Michael McFaul says he can say whatever he wants on Twitter because it’s an American platform. Yeah, the very same Twitter that ‘shadowbans,’ silences alternative media, and hosts fake Russian bots that meddle in US elections.
The former US ambassador in Russia lauded Twitter as a supposed champion of the First Amendment to fend off his critics. Apparently, some Russians didn’t like McFaul’s cheering of recent opposition protests in Moscow, so he offered them an indignant and somewhat patronizing rebuke.
“HeyRussians, writing here on an AMERICAN platform, I have a constitutional right to say whatever I want about American or Russian politics,” he tweeted. “No one is forcing you to read what I say. Stop with the demands for censorship. Russian ‘sovereignty’ does not extend to Twitter.”
HeyRussians, writing here on an AMERICAN platform, I have a constitutional right to say whatever I want about American or Russian politics. No one is forcing you to read what I say. Stop with the demands for censorship. Russian “sovereignty” does not extend to Twitter.
— Michael McFaul (@McFaul) August 11, 2019
The apparent claim that Twitter is a place under exclusive American sovereignty is inaccurate – Twitter, like any global social network, has to comply with national laws to operate in different countries. Even a bastion of free speech like America occasionally asks the tech giant to remove this or that tweet or ban this or that user.
Russia is admittedly more successful in securing such content removals with a 46 percent compliance rate recorded in the second half of 2018. But the US may be proud to be a very efficient extractor of user information from the tech giant. In the same period, 73 percent of over 2,000 American information requests were granted by Twitter. Basically, if you post something bad, Russia wants it erased while the US wants to know who you are – wonder why?
But let’s not be coy. McFaul doesn’t care about those legalities anyway, and he was clearly referring to political speech, not calls to kill all members of a certain ethnic group or threats of revenge rape, which hopefully we all agree have no place on any platform. Sure, one can freely say a lot on Twitter with impunity. For example, share a video showing a protest in Bahrain with a caption: “300,000 Iranians are marching to lynch local Chekists [intelligence officers] – and what have you done for Russia?” Mistakes do happen.
But there are other kinds of speech that Twitter doesn’t tolerate much. For example, peddling a wrong conspiracy theory. You see Russian “active measures” behind every bush and smear every person you don’t like as a ‘useful idiot‘ or a paid Putin agent? Here’s your blue checker and 290,000 followers. You think Muslims and social progressives conspire to undermine your cherished way of life? Banhammer!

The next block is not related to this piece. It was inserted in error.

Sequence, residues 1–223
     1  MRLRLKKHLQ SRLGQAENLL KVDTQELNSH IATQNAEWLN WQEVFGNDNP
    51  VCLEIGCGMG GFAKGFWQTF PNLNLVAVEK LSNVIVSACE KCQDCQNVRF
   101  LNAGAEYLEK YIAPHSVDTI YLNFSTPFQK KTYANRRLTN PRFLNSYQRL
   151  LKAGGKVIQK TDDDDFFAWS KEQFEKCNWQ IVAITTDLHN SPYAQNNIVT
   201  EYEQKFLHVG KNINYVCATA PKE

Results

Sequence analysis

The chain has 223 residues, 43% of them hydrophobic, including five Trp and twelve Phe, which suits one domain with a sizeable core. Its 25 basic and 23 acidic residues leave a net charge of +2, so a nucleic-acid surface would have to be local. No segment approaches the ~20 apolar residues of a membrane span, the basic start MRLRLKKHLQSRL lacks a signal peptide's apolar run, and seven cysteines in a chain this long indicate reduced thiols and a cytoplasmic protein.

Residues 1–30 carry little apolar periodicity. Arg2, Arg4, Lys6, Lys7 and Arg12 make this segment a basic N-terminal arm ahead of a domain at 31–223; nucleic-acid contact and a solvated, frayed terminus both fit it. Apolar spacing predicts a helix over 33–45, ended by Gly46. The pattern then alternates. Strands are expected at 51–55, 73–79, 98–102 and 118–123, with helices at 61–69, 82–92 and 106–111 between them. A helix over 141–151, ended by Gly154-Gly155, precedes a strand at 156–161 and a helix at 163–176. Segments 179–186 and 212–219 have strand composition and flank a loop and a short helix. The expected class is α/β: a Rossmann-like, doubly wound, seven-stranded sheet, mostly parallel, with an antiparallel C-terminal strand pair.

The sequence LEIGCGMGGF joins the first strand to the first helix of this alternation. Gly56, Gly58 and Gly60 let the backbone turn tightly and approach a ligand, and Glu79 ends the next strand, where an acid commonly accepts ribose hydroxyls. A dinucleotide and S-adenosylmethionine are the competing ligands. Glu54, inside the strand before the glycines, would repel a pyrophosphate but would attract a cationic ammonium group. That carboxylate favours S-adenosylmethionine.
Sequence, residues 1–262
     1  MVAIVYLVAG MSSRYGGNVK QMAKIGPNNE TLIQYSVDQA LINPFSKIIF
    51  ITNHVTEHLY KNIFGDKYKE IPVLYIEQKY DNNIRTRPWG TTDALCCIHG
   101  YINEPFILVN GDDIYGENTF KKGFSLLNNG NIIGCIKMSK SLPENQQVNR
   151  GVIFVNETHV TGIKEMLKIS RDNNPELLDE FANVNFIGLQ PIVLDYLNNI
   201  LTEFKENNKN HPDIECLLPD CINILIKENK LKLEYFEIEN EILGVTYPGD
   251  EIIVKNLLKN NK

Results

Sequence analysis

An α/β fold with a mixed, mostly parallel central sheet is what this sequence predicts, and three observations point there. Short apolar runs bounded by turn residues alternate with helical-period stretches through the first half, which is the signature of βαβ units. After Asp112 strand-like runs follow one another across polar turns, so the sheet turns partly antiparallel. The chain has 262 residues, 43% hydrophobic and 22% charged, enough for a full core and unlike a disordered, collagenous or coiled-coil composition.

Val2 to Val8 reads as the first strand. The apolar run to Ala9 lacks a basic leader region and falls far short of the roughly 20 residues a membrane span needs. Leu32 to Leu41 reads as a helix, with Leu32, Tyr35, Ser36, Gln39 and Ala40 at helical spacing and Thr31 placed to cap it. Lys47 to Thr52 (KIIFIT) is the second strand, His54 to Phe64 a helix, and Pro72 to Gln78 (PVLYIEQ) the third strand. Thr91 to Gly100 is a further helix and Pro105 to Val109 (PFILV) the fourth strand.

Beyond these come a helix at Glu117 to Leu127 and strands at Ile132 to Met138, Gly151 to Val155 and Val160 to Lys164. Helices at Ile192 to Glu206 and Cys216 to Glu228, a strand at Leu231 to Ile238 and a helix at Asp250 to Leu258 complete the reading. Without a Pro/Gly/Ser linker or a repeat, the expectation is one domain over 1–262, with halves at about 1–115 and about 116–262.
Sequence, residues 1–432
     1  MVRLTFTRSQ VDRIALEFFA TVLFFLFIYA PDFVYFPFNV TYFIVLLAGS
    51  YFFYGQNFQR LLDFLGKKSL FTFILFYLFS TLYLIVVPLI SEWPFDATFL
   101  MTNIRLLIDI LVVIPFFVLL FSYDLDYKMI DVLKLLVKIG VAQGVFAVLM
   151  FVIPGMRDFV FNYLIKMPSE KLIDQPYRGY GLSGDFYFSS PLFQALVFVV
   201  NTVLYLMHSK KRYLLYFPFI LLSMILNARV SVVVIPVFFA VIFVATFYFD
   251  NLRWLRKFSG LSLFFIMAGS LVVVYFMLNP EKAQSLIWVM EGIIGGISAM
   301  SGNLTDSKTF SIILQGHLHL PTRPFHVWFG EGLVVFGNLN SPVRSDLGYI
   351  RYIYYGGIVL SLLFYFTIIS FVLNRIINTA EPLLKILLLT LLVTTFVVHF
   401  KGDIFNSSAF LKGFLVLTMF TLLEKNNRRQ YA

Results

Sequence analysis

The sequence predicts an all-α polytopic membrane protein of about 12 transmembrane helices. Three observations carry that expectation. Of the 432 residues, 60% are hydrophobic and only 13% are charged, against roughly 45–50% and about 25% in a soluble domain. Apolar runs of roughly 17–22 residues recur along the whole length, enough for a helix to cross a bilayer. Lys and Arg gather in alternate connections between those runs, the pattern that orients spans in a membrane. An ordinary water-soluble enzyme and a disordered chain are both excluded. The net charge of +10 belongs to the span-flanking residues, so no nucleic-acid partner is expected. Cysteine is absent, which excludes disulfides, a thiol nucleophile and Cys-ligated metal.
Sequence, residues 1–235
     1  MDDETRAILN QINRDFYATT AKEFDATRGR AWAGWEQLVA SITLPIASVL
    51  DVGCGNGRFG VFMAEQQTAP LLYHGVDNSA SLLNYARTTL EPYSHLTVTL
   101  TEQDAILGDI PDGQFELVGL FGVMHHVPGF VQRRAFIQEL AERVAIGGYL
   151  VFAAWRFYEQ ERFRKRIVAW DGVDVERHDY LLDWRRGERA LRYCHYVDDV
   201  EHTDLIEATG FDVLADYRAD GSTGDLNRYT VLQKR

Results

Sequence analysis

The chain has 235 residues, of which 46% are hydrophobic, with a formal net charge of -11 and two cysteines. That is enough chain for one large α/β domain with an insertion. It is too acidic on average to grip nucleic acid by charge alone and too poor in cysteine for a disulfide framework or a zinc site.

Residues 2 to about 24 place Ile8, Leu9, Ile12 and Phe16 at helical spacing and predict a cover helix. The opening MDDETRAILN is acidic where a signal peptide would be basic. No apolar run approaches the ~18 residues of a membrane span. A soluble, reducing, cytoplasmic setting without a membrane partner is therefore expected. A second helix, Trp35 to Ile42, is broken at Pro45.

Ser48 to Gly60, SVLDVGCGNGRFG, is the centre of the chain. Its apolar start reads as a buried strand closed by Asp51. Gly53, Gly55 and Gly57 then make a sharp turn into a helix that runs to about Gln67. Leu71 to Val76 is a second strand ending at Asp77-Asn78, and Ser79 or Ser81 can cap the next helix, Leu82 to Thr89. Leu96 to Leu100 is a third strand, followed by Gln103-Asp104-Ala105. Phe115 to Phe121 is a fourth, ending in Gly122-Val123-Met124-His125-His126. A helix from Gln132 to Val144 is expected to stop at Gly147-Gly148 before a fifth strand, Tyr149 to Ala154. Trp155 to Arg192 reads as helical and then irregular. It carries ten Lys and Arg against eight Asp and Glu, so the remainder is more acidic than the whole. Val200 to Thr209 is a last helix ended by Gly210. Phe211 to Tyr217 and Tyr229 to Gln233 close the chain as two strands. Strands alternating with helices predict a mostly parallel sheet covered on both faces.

Being a news source or a watchdog with an agenda that deviates too much from that of the corporate baseline is also frowned upon by Twitter, especially with a crucial midterm election in sight. Ditto for people like anti-war advocate Peter Van Buren, who happen to get on the wrong side of a person with a dedicated cadre of followers and a good idea of how to game Twitter’s suspension algorithms.
There is also the so-called ‘shadowbanning’ – the alleged practice of hiding unwanted voices from the general public. Many people believe that this is what the self-admitted left-leaning company is doing to conservatives. Are they right? Well, with Twitter’s algorithms protected as corporate secrets and its rules mercurial and labyrinthine, who knows for sure? Maybe not even @jack.
All this Silicon Valley censorship was sent into overdrive after Russiagate. Tech giants were accused of allowing the Kremlin to abuse their platforms to meddle in elections in the US and worldwide, and they rushed to protect democracy from the Moscow meme menace. Maybe it was because being “AMERICAN,” they are true patriots, or maybe they just feared their bottom line would be hurt otherwise.
Isn’t it ironic how after that a US cyber firm faked a Russian interference campaign in an Alabama election by running an army of falsified “Russian” bots, bragged about it, and later was called to write a Congress report on how the Russians were the bad guys?
By Alexandre Antonov
Alexandre Antonov is a journalist based in Moscow.
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